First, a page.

1.Plant light requirement
The specific needs of plants determine which lighting is best for optimal growth, and artificial light must mimic the natural light that is best for plants. If a plant doesn't get enough light, it won't grow, no matter what the other conditions are. For example, vegetables grow best in full sunlight and thrive indoors, and they need the same high level of light, while leaf plants (such as tendrils) grow in shade and can grow normally in lower light levels.
The way the lights are used depends on the stage of growth. In general, it is recommended that plants receive 16 hours of radiation and 8 hours of rest during the seedling/growth stage; The nutrition stage received irradiation for 18 hours, 6 hours of rest time; Irradiation for 12 hours and 12 hours of rest during the flowering phase.
In addition, many plants also need darkness and photoperiod, an effect called photoperiod, to trigger flowering. Therefore, the switch can be turned on or off at a set time. The optimal photoperiod ratio depends on the type and type of plant, as some prefer long and short nights, while others prefer opposite or medium days.
Photoperiod is very important in the discussion of plant development.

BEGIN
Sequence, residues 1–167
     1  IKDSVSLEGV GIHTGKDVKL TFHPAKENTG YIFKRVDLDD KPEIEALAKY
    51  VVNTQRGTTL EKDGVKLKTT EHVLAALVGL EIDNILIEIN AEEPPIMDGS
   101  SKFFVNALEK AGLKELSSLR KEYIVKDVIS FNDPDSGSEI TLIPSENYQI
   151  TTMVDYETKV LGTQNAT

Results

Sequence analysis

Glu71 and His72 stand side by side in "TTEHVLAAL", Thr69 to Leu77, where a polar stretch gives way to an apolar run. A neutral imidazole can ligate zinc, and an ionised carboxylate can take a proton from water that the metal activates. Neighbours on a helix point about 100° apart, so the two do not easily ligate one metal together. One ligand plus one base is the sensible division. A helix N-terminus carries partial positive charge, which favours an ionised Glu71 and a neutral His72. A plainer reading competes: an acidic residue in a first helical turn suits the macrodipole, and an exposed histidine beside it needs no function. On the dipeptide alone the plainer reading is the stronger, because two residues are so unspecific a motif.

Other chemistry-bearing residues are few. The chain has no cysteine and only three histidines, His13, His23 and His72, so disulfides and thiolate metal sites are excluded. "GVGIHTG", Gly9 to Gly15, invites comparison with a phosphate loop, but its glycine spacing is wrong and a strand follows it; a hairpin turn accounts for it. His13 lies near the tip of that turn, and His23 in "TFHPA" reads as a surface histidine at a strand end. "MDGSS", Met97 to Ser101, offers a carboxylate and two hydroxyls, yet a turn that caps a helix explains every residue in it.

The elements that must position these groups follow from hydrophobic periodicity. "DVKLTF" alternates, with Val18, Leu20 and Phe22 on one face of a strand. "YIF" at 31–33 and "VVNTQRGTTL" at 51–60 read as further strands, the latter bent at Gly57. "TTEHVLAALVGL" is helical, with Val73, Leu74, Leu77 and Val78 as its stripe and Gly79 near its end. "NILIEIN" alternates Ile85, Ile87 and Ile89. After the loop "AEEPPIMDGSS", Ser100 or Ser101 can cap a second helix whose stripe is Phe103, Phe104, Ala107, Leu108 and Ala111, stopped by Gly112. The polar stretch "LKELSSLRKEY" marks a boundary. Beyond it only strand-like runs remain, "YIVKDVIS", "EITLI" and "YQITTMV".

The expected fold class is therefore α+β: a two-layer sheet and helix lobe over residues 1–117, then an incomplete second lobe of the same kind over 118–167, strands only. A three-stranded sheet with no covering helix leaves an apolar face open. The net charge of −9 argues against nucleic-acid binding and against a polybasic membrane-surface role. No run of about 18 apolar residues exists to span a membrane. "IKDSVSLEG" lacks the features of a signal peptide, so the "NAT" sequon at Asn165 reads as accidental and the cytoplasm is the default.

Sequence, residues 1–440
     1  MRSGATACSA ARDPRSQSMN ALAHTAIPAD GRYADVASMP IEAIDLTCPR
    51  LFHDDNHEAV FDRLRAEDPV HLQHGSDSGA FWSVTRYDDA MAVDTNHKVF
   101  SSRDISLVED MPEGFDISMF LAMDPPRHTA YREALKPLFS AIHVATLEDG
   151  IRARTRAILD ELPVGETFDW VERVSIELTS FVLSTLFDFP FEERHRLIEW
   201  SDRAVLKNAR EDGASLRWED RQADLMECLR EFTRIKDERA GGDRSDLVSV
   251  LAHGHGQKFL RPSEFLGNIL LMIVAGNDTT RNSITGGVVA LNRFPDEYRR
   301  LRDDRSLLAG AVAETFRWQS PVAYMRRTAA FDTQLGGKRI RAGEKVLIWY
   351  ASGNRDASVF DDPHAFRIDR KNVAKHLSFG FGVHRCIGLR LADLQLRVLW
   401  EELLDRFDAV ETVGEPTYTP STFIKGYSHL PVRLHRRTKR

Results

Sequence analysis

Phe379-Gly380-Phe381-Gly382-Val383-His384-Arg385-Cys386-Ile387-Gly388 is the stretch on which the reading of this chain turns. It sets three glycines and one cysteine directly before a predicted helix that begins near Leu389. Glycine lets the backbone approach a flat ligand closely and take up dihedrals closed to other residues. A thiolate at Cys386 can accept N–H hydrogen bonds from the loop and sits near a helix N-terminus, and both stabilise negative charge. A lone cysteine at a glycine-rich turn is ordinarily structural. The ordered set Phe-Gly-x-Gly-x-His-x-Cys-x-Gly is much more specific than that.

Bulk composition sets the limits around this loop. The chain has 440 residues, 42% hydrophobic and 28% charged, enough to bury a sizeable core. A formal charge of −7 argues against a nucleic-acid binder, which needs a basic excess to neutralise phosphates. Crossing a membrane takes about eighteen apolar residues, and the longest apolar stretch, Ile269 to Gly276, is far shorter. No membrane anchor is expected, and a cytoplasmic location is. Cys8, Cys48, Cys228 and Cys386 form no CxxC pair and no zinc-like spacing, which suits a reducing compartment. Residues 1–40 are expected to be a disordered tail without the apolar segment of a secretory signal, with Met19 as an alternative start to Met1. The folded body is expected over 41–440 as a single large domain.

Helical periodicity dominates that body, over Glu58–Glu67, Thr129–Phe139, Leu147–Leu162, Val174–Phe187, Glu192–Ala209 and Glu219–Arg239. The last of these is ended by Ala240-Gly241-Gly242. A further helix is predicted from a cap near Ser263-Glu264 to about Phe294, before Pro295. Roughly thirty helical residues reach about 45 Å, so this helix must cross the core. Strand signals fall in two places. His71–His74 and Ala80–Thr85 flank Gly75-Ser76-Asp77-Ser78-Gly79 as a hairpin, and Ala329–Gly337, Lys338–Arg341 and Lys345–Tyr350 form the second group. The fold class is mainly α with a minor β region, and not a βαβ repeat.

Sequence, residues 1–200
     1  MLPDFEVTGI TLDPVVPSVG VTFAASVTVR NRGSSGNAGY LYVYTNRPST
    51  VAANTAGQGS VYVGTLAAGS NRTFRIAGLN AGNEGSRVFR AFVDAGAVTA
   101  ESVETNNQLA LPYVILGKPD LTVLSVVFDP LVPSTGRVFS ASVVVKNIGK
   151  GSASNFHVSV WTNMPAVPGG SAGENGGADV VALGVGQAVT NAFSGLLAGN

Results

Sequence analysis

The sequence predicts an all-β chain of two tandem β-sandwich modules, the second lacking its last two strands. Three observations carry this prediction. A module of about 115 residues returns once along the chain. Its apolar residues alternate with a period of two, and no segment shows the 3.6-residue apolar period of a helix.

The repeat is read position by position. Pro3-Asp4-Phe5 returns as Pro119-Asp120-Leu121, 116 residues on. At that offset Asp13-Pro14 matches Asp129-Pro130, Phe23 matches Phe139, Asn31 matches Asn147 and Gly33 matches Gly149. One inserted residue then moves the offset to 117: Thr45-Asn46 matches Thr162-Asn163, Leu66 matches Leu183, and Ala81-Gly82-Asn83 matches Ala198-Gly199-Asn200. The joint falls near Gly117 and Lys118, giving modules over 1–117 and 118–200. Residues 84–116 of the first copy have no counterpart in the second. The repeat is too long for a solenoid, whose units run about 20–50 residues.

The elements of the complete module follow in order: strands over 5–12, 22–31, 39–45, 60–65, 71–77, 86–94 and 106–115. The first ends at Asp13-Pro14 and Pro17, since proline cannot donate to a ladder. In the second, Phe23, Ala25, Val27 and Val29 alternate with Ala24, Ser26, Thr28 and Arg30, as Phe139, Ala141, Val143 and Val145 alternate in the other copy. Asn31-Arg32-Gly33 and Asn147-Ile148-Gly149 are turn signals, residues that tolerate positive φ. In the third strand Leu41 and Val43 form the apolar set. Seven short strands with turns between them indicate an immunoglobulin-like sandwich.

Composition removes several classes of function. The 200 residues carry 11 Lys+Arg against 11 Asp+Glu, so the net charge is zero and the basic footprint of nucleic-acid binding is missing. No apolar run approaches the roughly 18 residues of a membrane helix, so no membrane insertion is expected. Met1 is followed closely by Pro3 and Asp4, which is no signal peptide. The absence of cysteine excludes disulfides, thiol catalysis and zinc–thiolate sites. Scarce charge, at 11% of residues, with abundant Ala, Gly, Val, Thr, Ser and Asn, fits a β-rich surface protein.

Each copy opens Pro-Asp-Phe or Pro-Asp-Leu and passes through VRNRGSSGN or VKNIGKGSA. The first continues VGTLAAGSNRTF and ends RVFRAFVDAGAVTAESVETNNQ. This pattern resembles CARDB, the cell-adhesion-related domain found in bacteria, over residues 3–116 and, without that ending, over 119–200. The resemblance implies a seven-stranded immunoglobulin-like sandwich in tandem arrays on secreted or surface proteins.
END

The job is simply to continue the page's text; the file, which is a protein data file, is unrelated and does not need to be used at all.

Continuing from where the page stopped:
Plants that respond to photoperiods may have facultative or specific responses. The part-time response means that a plant will eventually run out of flowers, regardless of the photoperiod, and flowers will grow faster in a given photoperiod. Professional response means plants will only grow flowers under certain light conditions.
They are usually used to measure the brightness and lumen of light, but they are units of luminosity that measure the intensity of light perceived by the human eye.
The spectral level of light available for optical cooperation is similar to but not identical to that measured by lumens. Thus, when measuring the amount of light a plant receives for photosynthesis, biologists usually measure the amount of photosynthetic effective radiation (PAR) a plant receives. PAR represents the spectrum of solar radiation from 400 to 700 nanometers, which typically corresponds to the spectrum that photosynthetic organisms can use during photosynthesis.